LGBTQI and travel to the Arctic
It is well known that the Nordic Countries are some of the most progressive when it comes to LGBTQI travel.
Iceland is first country in the world to elect an openly gay Head of State and lead the way with recognition of same sex partnerships, allowing couples to marry in either a church or with the civil registrar. Reykjavik has some of the worlds most fabulous Pride parades and literally paints the streets with rainbows ahead of the celebrations on the second weekend of August every year.
Sweden has been the host of Europride three times in the last three decades, with the celebration in both Stockholm and Gothenburg however Pride is also celebrated all over Sweden, with over 30 Pride celebrations across, up and down the country throughout the year. Stockholm Pride usually attracts around 45,000 participants and 400,000 spectators! More recently, laws passed in Sweden include: gender-neutral wedding laws (2009), adoption rights for gay and lesbian couples (2003), insemination rights for lesbians (2005), and a prohibition of discrimination based on sexual orientation added to the Swedish constitution (2011).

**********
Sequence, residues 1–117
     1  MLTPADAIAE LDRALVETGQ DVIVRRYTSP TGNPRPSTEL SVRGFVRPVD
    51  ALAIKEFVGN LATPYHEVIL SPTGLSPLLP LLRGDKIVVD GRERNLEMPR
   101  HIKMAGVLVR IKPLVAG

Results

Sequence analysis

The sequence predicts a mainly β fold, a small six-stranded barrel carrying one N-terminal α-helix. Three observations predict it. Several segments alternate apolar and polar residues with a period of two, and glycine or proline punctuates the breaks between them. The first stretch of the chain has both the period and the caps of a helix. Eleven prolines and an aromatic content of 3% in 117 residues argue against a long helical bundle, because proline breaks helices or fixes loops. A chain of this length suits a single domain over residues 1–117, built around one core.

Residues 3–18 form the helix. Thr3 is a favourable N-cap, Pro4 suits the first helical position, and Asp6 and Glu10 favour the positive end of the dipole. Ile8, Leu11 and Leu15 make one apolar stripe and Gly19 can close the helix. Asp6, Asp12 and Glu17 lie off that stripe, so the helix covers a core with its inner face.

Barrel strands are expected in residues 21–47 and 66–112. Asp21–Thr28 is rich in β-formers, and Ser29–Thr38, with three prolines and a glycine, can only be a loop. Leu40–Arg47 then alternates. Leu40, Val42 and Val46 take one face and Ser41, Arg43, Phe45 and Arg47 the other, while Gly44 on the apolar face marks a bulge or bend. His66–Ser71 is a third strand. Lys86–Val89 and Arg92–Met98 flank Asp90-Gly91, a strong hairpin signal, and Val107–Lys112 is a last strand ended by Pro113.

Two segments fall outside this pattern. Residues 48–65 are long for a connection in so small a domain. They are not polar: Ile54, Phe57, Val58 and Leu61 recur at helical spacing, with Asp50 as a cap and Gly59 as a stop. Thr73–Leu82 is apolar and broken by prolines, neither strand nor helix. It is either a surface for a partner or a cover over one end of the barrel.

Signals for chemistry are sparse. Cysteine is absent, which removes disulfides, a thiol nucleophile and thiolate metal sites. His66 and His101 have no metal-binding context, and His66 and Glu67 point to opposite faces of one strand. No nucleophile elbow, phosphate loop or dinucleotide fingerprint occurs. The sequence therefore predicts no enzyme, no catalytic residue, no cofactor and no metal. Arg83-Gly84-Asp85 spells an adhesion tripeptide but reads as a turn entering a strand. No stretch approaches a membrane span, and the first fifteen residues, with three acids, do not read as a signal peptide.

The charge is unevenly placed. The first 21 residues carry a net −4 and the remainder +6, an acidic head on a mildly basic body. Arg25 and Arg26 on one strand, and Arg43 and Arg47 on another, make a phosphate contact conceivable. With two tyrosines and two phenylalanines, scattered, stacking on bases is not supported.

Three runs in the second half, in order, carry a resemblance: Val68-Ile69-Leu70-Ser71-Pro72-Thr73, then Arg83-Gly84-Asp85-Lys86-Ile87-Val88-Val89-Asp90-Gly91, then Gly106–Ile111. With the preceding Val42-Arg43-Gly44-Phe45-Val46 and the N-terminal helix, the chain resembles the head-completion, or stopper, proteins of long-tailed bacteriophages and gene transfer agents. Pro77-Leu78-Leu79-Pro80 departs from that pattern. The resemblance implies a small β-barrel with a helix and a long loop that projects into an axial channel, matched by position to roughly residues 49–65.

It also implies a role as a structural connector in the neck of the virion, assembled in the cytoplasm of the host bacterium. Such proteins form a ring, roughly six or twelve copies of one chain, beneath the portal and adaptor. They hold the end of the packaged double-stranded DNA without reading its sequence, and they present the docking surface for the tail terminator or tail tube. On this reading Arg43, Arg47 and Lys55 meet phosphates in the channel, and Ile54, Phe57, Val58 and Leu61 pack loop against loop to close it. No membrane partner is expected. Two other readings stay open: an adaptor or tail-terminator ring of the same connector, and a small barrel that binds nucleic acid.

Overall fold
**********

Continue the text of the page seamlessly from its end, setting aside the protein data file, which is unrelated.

Norway , like most of Scandinavia is very liberal and in 2018 ranked as the third best in the ILGA-Europe ranking across 49 European countries and is often heralded as one of the friendliest countries that gay tourists can visit. Oslo has great shopping, nightlife,lots of restaurants and a lively gay scene. The King of Norway, King Harald said; “‘Norwegians are girls who love girls, boys who love boys, and boys and girls who love each other. Norwegians believe in God, Allah, everything and nothing … In other words: you are Norway. We are Norway.’ King Harald speaking in the Palace Park, 1 September 2016
Finland legalised same sex partnerships in 2002 giving gay Finns a wide range of rights, this has been improving and in 2009 same sex couples could also enjoy stepchild adoption rights, gay people can join the military and when travelling in Finland gay travellers can express themselves in a way straight couples would – you can hold hands without fear of being lynched! Take a stopover in Helsinki if you want to experience the most of the gay scene in Finland.
IMAGE: Equal rights
Equality is fundamental for Sweden. It is about everyone having the same rights, opportunities and obligations regardless of sexual orientation, gender, ethnic origin, religion, disability or age. Show more
Credits: Carolina Romare/imagebank.sweden.se
Categories: Society & Lifestyle, Symbols & Traditions, Outdoor, People, Day, Summer